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British police make ‘significant arrest’ in train attack probe


Police forensics officers works alongside an underground tube train at a platform at Parsons Green underground tube station in west London on September 15, 2017, following an incident on an underground tube carriage at the station.<br />British police are treating an incident on a London Underground train on Friday as an act of terrorism, saying “a number of people” had been injured. Twenty-two people were injured after a bomb blast on a packed London Underground train on Friday, the National Health Service said in a statement. / AFP PHOTO / Adrian DENNIS /

British police said they arrested an 18-year-old man on Saturday at a Channel port in their investigation into the bombing of a London Underground train.

“The 18-year-old man was arrested by Kent Police in the port area of Dover this morning, Saturday, 16 September, under section 41 of the Terrorism Act,” police said in a statement that described the arrest as “significant”.

“Although we are pleased with the progress made, this investigation continues and the threat level remains at critical,” police said.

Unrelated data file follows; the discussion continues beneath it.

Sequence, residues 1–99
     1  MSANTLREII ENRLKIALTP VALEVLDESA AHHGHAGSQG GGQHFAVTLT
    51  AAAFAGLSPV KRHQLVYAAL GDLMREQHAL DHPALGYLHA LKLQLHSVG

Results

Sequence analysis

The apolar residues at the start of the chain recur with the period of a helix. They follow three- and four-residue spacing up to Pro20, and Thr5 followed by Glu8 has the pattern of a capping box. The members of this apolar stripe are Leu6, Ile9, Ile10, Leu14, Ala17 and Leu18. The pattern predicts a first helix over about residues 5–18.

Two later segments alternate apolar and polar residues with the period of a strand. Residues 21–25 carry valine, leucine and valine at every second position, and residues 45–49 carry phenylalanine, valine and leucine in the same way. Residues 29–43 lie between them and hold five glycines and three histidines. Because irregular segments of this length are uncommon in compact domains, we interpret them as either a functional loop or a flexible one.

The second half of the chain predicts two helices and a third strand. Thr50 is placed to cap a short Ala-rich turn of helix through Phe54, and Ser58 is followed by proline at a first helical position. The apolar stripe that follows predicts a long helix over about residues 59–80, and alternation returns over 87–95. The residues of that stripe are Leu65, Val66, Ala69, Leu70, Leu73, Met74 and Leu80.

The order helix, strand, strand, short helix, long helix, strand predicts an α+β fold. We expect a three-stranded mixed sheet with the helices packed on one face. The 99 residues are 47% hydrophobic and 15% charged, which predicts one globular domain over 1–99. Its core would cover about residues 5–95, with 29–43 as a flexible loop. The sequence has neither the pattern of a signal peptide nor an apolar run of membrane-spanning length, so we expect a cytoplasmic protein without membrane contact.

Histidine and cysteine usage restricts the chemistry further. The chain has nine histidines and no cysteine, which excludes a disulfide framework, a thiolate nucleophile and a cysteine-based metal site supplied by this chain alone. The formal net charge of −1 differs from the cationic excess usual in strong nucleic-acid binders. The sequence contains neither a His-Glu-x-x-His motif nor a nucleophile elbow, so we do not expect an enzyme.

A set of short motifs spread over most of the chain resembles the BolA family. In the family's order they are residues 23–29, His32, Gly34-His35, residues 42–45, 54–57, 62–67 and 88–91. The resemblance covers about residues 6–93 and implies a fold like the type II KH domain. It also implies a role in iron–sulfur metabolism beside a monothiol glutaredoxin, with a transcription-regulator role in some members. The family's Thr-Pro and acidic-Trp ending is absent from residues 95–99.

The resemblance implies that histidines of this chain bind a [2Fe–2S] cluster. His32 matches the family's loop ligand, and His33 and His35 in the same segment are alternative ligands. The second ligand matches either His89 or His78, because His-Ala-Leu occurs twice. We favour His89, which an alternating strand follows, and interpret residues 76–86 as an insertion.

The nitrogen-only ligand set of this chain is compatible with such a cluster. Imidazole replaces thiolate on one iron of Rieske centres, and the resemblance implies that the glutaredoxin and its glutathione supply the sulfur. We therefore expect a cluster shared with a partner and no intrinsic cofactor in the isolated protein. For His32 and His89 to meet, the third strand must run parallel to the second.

The man is in custody at a local police station and will be be transferred to a south London police station in “due course”.

Thirty people were treated in hospital after a bomb detonated in a packed London Underground train on Friday morning, in what was Britain’s fifth terror attack in six months.

The toll was revised upwards by one early Saturday.

“This arrest will lead to more activity from our officers,” police said.

“For strong investigative reasons we will not give any more details on the man we arrested at this stage.

“This investigation continues and the threat level remains at critical,” the statement added.

The Islamic State group said an IS “detachment” had been behind the bombing.

Prime Minister Theresa May announced late Friday that the threat level had been raised to “critical — meaning another attack could be imminent — and said troops would take over guarding key sites to free police officers for deployment elsewhere.

Four previous attacks in London and Manchester this year claimed the lives of 35 people.

Three of those attacks involved a vehicle ploughing into pedestrians. The other was a bombing in May at a pop concert by US star Ariana Grande in Manchester which killed 22 people, including several children.

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